This is an 'iron-tree'. No, I'd never heard of one either. It is unusual in that the wood is very dense and sinks in water. It is also bullet-proof (caveat; Mario has a very small gun, I suspect it would be a different story if one was confronted with a 50 cal sniper rifle) On the subject of guns, I know Brazil has a bit of an iffy reputation in parts for things like guns and drugs but the folks of Costa Rica don't seem to lock any doors, leave windows on houses and cars open 24 hours a day and there is no graffiti or vandalism anywhere. As a stranger in town, sometimes alone, and not speaking a word of the local language I felt completely safe at all times, no problems whatsoever.

I also joined in with the locals whenever the chance arose, I have had a tour of the town in the back of a pick-up, was up until far too late on the Thursday night drinking tea and being taught some (possibly quite rude) Portuguese songs in someone’s outdoor kitchen, planted a tree with the mayor of the town, raced the local school children around the pump track, been on Brazilian telly at least twice, was shown how to make a cheesy-pastry thing and drank beer with a three-times jujitsu world champion from the home-made bar in the back of his van, all mostly without any mutual language at all. I won’t tell you about the confusion with the showers, but ele and ela are two words I can now add to the list of Portuguese words I know.

A slight deviation for a moment, I think I have some new favourite words in English, certainly right up there with ‘would you like some cake?’ Actually, talking of which the airport hotel in Campo Grande has all-you-can-eat complimentary chocolate cake in reception, although this is not replenished as often as I would have liked, all-I-can-eat is quite a lot, even 36 hours after finishing one of these races. Anyway, my new favourite words are ‘with the in-flight entertainment system’. Context is all important here, when you are thirty thousand feet over the Atlantic and they are immediately preceded by ‘we regret to inform you that we are experiencing some technical difficulties' they are most welcome.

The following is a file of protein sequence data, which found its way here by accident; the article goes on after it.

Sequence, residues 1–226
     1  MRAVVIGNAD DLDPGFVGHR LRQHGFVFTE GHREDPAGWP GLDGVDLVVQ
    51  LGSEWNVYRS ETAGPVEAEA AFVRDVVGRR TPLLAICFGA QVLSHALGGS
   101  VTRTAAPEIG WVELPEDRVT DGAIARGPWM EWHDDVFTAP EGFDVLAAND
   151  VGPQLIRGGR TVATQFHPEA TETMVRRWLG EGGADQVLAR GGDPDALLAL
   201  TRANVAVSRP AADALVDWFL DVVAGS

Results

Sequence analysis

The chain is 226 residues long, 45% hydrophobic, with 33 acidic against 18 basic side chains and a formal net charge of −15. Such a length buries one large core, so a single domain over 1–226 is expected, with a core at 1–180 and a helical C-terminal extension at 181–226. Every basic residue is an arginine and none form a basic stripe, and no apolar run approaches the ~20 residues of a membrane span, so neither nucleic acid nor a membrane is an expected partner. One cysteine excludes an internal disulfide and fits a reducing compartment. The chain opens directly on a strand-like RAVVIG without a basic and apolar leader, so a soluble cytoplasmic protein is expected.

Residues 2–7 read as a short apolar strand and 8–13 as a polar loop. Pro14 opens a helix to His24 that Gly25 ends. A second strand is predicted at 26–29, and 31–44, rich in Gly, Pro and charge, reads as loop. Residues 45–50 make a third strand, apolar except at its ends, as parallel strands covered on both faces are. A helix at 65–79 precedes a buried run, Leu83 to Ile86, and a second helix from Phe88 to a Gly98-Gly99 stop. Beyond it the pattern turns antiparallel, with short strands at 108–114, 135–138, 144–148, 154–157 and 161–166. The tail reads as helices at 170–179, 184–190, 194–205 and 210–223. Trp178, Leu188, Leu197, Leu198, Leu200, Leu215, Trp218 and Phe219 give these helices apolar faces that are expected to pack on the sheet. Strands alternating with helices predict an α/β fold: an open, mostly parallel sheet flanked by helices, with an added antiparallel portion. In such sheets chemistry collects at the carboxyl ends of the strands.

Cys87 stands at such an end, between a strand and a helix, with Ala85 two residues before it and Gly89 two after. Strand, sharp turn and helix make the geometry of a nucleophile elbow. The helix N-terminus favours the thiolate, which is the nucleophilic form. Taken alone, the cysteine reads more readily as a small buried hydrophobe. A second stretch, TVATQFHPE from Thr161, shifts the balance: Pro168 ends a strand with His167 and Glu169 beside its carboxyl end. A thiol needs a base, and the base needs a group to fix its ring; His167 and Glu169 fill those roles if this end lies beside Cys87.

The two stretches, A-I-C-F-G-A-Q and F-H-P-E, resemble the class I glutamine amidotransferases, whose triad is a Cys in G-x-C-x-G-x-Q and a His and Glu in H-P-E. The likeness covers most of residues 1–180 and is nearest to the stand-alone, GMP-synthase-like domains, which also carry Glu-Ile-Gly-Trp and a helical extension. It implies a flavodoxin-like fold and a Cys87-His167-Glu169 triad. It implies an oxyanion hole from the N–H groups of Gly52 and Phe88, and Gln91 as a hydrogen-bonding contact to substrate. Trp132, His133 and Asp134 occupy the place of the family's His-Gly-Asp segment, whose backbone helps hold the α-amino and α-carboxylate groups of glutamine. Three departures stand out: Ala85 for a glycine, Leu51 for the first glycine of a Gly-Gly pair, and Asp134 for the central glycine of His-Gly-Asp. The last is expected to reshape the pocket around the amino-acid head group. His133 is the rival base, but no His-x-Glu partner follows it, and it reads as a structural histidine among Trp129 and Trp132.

I do like a proper running start. That chap with the yellow top and blue helmet just behind Gaia is properly fast though, I was a comfortable second for most of the run, a couple of guys passing me just as we got to the bikes, but he was miles ahead! It's the closest I got to the overall lead all weekend mind. Also, being the only Brit in that picture it is obvious how pale my legs are...

Back to the race. The track was nearly 30km long, big by 24hr standards, this would be a long lap, maybe an hour and a half. It was easily a three-bottle lap in those conditions, 34 degrees was pleasant but 54% humidity was making hard to drink enough. It wasn’t particularly difficult technically, there were two descents which required a couple of attempts in practice but which I successfully completed on every lap of the race. I did spend a while with Elena during Friday practice showing her how to ride the second of those but she soon had it dialed, just a confidence thing really, she's quite capable but I think just likes to see someone else go first. Unfortunately at that spot about four hours into the race someone in front of her fluffed their line, she attempted to take evasive action as they fell but she came off worse and broke her shoulder, game over.

I saw another injury first thing on Sunday morning on a very fast rocky decent, just before the ranch where the party had been going into the wee small hours. They were providing much welcome water for us as we passed during the heat of the day but this became tequila as the sun fell and their music volume rose. This, the water, not the tequila, was almost as welcome as the ice provided by the chap in the green house after the first big climb. I’m digressing again. She appeared to have broken her collar-bone, luckily not far from where an ambulance was stationed, I managed to attract their attention and stayed with her as the paramedics made their way up the hill to us. It cost me a few minutes but in a race this long it makes next to no difference.